Five months into the pandemic, the disease still burns across the state but much of the financial support for Michiganders has evaporated.
LANSING, MI — On Monday, Michigan reached the five-month mark of the coronavirus pandemic. By Thursday, the state reported the highest single-day increase in confirmed cases since mid-May, with 1,121 new confirmed cases. That compared to recent daily numbers trending around 700 since the start of August. That’s a spike of over 160%.
The state of emergency surrounding the novel coronavirus was declared March 10, after the first case was diagnosed, though symptom data suggests the disease had already entered the state as early as the end of February. Since then, daily life has changed dramatically, and this has had an impact on the economic reality Michiganders face.
Michiganders lost jobs at the fastest rate on record after the pandemic was declared, and though there was support in place early on, much of it has since dried up while Michiganders remain out of work, leaving a large gap of people desperate for support.
“No amount of hard work, grit, or sheer determination can fix what has happened, on our end,” entrepreneur Katie Carls told The ‘Gander. “We need a cohesive response and plan at a federal level that actually puts the people first. We don’t need profit over people. We need help.”
That’s meant smaller businesses and out-of-work Michiganders have been left to fend for themselves. Some businesses have seen great community support, like White Lotus Farms in Ann Arbor.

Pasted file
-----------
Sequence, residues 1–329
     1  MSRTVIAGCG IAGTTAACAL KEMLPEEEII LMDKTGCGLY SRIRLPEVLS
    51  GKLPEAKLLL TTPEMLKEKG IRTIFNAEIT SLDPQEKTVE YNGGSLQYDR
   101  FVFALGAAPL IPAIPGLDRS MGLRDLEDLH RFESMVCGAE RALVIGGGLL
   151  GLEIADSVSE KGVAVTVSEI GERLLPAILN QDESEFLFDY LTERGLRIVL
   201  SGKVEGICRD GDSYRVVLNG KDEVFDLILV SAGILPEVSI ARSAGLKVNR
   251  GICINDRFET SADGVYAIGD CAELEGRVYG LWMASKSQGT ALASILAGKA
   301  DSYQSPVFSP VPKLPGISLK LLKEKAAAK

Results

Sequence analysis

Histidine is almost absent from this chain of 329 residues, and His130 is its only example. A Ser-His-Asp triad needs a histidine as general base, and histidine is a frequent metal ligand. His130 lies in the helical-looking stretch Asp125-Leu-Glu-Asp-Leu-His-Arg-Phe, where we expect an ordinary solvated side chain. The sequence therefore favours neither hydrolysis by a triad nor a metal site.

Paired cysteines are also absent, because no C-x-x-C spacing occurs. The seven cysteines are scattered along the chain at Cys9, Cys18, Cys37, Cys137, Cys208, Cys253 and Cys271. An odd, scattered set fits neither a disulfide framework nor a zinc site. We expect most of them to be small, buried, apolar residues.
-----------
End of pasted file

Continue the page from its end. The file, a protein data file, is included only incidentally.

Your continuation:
“Well, I spoke with a few other people who did some pastry orders from us and they said they were doing okay. But I would say we’re an exception in keeping it profitable,” White Lotus baker B. Love Davis said to The ‘Gander. “It’s tough to keep safety and livelihood balanced. … I would like the situation to be handled better with more thoughtfulness.”
There are also policy proposals to encourage a return to normalcy that risk returning the economy to the more turbulent early weeks of the pandemic by undermining efforts to contain the disease. Most notably, the extreme risk of superspreader events centered on schools risks spreading the pandemic to families and teachers as well as students.
“My biggest fear is sending [my daughter] back to school, because she can’t manage to put on her socks in the morning, so having her put on her mask and use hand sanitizer and I’m on my way to work and have to think about if she’s following protocol?” said Tiffany Simmons of Taylor. “That’s a lot of pressure to put on an 11-year-old.”
The plan to encourage in-person education advanced both by President Donald Trump and Michigan Republicans was actually delayed in the legislature when the state Senate closed after a legislator was diagnosed with the coronavirus, illustrating the persisting risk of the virus closing down parts of Michigan’s economy that have struggled to reopen.
Another prime example of the virus causing Michigan business to roll back reopening plans was the superspreader event at East Lansing bar Harper’s, which infected nearly 200 Michiganders and led to indoor service at restaurants to be reevaluated.
Even before reopening of certain businesses was reevaluated, Michigan’s unemployment rate was over 14% according to the Bureau of Labor Statistics. Carls was one of those unemployed Michiganders. So was Beth Graham from Plymouth.
Graham and her partner both work as graphic designers and both lost their jobs as event work dried up in March. And like Carls, Graham wants to get back to work, but needs support from programs like unemployment’s coronavirus enhancements in the meantime.
“I really like my job and I want to get back to it,” she told The ’Gander. “Same for my partner.”